His PhD involved analysing chemicals in the wild brassicas, called glucosinolates, which were thought to protect the plants from pathogen and insect attack. Mithen, in collaboration with Professor Roger Fenwick and his team at IFR, was the first person to analyse these plants for glucosinolates, which at this time were considered to be toxins. Later, their role as a phytonutrient became apparent. Research at IFR and elsewhere in the UK and US suggested that a particular compound, sulforaphane, derived from the glucosinolate, glucoraphanin, had certain anticancer and health-promoting properties. After a stint in Africa working on the germplasm conservation of wild cowpeas, Mithen returned to JIC to look at brassicas afresh.

“I knew that a certain wild brassica could be the source of novel alleles that may boost the level of glucoraphanin, although, at that time, we did not understand the genetics underlying the accumulation of these compounds,” says Mithen. “So we started a programme to explore the genetics of glucosinolates as well as to develop broccoli breeding lines with high levels of these compounds.” Some of the work was funded through a 1996 BBSRC Case studentship award to Kathy Faulkner at JIC.

Beyond the Lab

But a great deal more investment would be needed to bring a product downstream from plant breeding all the way to a finished product on supermarket shelves. To attract and justify such investment, PBL secured the intellectual property (IP) and applied for relevant patents in the mid-90s. “Developing a product with a health-related consumer benefit, based on a nutrient that the consumer has never heard of — a novel approach at the time — is still unprecedented in a fresh vegetable,” says Chojecki.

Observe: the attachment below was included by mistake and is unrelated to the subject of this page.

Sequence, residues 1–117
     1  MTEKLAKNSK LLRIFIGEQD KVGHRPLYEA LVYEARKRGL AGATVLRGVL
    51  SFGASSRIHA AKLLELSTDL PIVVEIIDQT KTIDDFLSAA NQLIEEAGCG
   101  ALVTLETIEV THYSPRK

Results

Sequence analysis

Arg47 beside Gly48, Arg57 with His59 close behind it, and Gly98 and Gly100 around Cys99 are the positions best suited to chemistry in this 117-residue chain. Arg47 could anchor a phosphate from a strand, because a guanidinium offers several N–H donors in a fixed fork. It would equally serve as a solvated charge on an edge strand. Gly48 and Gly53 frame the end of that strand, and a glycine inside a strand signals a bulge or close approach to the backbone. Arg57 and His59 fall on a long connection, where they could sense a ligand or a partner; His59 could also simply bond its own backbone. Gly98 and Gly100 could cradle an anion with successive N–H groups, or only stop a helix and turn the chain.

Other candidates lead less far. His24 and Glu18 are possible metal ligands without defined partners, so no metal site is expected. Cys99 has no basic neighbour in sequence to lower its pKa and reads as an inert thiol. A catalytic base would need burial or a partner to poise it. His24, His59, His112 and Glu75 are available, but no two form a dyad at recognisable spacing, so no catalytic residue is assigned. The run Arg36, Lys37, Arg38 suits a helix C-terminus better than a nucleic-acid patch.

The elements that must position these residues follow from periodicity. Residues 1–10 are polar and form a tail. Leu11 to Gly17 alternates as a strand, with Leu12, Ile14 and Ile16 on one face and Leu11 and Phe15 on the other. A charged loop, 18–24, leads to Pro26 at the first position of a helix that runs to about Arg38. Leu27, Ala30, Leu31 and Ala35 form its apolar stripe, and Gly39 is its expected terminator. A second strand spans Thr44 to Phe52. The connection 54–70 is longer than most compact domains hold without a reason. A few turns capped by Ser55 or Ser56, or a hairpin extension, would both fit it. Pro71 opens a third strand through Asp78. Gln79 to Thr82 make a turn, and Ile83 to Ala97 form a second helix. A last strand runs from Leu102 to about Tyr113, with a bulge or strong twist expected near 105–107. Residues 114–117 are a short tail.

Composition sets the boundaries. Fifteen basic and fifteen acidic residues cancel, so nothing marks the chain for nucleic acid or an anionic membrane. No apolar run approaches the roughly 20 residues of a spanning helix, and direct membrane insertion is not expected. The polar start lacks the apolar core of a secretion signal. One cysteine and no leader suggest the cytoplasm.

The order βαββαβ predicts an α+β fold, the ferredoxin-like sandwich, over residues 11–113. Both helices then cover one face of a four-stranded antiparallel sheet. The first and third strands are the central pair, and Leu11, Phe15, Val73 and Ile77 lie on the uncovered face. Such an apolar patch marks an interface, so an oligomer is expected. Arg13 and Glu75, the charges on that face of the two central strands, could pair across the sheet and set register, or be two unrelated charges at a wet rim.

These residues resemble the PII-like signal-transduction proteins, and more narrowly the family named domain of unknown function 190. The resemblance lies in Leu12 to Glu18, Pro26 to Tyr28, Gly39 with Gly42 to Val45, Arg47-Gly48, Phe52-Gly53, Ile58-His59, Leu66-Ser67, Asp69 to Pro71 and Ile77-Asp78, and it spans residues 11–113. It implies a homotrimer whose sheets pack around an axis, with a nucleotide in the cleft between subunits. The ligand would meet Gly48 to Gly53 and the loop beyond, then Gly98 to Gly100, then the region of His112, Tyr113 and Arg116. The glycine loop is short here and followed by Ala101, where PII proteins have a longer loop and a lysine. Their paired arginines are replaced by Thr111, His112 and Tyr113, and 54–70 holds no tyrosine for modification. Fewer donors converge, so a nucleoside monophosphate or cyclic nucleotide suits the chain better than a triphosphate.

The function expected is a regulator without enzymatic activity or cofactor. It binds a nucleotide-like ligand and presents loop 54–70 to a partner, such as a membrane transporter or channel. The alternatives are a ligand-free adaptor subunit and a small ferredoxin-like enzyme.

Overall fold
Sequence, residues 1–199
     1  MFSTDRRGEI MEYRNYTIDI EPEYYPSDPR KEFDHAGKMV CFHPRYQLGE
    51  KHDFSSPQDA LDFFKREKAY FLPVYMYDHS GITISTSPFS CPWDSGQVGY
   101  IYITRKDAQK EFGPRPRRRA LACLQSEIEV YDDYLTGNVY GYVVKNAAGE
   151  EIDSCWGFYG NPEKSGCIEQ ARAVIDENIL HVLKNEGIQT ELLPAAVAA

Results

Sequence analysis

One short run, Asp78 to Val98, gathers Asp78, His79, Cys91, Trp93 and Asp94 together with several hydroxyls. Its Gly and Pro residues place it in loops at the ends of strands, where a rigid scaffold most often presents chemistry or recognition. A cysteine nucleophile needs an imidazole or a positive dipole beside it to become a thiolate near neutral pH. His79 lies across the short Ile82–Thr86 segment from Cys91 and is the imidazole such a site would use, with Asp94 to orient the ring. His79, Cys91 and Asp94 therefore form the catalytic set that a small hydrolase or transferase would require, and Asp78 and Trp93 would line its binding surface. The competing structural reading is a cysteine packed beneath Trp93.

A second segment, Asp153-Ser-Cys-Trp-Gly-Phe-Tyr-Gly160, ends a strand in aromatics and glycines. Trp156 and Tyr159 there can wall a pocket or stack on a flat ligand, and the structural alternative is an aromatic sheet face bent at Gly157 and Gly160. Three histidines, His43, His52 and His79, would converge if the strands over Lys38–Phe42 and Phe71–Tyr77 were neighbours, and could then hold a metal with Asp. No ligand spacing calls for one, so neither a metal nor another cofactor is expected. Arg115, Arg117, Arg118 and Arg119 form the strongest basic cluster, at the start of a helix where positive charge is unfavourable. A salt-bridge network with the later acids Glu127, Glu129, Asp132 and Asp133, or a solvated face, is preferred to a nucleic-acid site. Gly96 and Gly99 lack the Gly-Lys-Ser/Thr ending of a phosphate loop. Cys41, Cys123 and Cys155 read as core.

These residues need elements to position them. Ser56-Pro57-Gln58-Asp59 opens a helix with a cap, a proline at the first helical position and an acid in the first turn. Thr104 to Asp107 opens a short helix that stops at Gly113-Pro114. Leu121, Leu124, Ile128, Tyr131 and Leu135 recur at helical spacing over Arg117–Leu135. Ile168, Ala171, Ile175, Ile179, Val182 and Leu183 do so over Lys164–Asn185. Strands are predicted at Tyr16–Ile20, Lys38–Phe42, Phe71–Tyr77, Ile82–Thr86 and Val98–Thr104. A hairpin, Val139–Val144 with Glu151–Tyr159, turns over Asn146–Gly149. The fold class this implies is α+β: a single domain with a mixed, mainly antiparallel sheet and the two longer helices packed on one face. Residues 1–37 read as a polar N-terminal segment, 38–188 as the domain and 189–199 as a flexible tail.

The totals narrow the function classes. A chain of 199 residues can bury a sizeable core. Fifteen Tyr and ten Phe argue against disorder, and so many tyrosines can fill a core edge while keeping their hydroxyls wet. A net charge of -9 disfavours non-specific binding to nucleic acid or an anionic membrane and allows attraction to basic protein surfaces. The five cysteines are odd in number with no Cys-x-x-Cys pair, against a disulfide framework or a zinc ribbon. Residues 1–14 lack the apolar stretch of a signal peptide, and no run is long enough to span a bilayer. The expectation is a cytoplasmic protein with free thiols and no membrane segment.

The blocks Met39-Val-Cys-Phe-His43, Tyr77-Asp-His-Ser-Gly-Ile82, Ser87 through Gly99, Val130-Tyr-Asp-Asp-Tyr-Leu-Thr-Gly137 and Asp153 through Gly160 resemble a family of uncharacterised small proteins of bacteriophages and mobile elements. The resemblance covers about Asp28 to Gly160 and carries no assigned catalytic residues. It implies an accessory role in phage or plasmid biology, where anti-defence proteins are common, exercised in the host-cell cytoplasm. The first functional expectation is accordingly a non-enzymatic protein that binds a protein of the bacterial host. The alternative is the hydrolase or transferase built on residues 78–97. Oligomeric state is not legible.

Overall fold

In 2000, PBL teamed up with Seminis, one of the major vegetable seed companies, which at the time accounted for almost half of the global broccoli seed market. Chojecki explains that PBL’s reasoning for partnering with Seminis was to achieve broad public benefit. “It was necessary to work with a major company that could deliver high quality varieties, and that had the long-term commitment and market presence to work with the supply chain to communicate the benefits of such an innovative concept all the way to the consumer.”

The journey from wild broccoli variety to supermarket product has taken decades and is not just about science

Working into the new millennium, the high glucosinolate broccoli underwent an intensive breeding programme. In a process that would have gone unseen by the average shopper, traits such as uniform shape and growing at the right time of year, with no yield loss, were selected — a process that took another 10 years. “It’s not trivial. It’s a slow, laborious and you need to be completely competitive with or better than current varieties, plus you need two or three varieties to supply produce in every month of the year and in different growing areas,” says Chojecki.

Brassica Health Benefits

By 2003, while the plant was being fine-tuned right down to the final florets, Mithen was now at IFR building up a portfolio of evidence that the broccoli did indeed have health benefits. There is worldwide interest in understanding why people with a higher proportion of brassicas (others being cabbage, Brussels sprouts) in their diet have lower risks of some diseases, as revealed by epidemiological studies and other analyses.6,7 Mithen and colleagues first showed that the high level of sulforaphane delivered by the new broccoli to the gut was indeed absorbed into the systemic circulation.3 This established that the body takes it up rather than just excreting it.